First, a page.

ADVICE

How to build a mentorship relationship

In a healthy mentorship relationship, everyone is there to learn

In Summary
  • Mentorship is a relationship like any other.
  • The mentorship relationship should be a safe place to make mistakes, grow and change.

“Can you be my mentor?”

Often, I hear this question after speaking at conferences – and I would think, “Okay, what next? Where do we start?” This is a challenge because, generally, people don’t understand the mentorship relationship.

Here is a foundational thought: mentorship is a relationship like any other. It’s beyond someone better than you trying to make you better. The people involved must do the work for it to work, like any other relationship. To succeed in one-on-one mentorship relationship, here are four principles that can help you.

Mutual Respect: In a healthy mentorship relationship, everyone is there to learn. True mentors don’t think that they are better than their mentees. They understand that they would learn as much as they teach. Hence, they accord the mentee proper respect – this is a sign of a good mentor. The thinking that the mentor is the only person who deserves respect in the relationship is wrong. Where there is no mutual respect, a mentorship relationship will fail.

Ask Question: The mentorship relationship should be a safe place to make mistakes, grow and change. This means that you should be vulnerable without fear and encouraged to ask questions. In this relationship, questions start the conversations. If your mentor makes you feel small or stupid for asking questions, you have a tormentor. Effective mentors create a safe space for mentees to ask questions that help them explore and discover themselves.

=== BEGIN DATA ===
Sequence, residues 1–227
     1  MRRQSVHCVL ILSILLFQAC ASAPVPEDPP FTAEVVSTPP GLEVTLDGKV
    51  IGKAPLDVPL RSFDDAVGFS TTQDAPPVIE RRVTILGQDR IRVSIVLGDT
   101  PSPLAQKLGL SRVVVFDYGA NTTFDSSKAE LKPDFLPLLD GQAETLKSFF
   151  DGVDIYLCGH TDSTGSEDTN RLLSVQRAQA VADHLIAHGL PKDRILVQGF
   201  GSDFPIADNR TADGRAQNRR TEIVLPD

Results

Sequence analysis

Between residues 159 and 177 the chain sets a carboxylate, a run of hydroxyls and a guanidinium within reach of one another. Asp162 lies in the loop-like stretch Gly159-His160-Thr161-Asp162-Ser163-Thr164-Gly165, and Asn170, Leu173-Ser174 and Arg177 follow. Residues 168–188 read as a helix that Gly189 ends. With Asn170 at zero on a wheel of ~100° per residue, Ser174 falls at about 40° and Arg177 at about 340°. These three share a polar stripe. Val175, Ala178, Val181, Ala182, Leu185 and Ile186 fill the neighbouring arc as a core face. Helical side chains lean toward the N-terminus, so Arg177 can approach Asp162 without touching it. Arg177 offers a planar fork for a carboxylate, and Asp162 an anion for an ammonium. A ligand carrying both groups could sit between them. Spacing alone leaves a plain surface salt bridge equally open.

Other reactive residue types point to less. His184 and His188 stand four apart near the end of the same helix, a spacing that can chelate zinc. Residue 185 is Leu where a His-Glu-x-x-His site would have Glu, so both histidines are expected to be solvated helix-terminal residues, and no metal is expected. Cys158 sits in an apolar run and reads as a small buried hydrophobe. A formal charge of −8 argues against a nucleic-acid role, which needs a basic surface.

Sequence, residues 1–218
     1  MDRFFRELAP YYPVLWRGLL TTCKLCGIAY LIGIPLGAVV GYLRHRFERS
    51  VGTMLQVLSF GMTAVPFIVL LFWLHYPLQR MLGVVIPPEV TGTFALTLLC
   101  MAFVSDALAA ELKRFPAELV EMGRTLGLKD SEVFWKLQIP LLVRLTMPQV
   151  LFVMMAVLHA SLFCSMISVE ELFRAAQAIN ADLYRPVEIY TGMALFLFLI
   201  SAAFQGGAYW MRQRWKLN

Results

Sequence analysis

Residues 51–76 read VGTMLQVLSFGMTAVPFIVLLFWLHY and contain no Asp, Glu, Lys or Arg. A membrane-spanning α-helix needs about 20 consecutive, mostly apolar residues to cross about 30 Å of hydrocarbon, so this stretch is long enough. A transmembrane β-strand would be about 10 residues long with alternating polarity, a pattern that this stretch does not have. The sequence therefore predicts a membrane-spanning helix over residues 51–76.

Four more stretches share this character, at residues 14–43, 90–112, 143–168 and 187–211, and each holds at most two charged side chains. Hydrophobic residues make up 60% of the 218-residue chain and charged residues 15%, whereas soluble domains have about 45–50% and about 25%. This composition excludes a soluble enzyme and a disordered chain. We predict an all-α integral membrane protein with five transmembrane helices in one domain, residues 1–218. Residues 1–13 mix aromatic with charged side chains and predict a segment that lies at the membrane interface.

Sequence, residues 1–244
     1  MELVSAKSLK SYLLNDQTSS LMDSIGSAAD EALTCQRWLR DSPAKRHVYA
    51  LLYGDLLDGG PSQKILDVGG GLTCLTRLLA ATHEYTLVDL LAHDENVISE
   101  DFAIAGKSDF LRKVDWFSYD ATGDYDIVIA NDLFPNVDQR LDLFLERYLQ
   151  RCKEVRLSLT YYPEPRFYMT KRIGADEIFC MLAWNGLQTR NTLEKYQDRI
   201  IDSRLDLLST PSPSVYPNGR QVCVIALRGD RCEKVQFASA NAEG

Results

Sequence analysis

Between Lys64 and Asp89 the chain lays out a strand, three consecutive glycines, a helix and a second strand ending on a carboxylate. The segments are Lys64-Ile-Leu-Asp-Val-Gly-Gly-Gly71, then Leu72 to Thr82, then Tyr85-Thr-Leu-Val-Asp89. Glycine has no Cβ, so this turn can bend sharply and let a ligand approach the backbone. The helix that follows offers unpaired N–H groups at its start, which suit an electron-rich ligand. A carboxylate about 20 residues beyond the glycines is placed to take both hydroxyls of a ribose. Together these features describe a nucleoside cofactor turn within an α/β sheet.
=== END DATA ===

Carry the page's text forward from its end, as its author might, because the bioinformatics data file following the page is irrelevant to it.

Manage Weaknesses: Your mentor is a person and therefore, not perfect. In the relationship, you will see and experience your mentor’s weaknesses, and this can pose challenges. How you handle your mentor’s weaknesses would make or break the relationship. Here is my rule of thumb: if you are fully aware of your mentor’s weaknesses and you decide to remain in the relationship, then you must respect them despite their weaknesses – once mutual respect is gone, the relationship is over. However, if you feel that you can no longer respect your mentor due to their weaknesses, end the relationship – but if you must stay, respect is not negotiable.

Grow: If the people in a mentorship relationship are not growing, then they are wasting each other’s time. Here, growth is not for the mentee alone, the mentor should also learn and experience growth in the relationship. Mutual growth fuels the relationship and makes it a partnership. In a healthy mentorship relationship, everyone is nourished because everyone does the work to ensure mutual growth. Mentorship is a two-way street.

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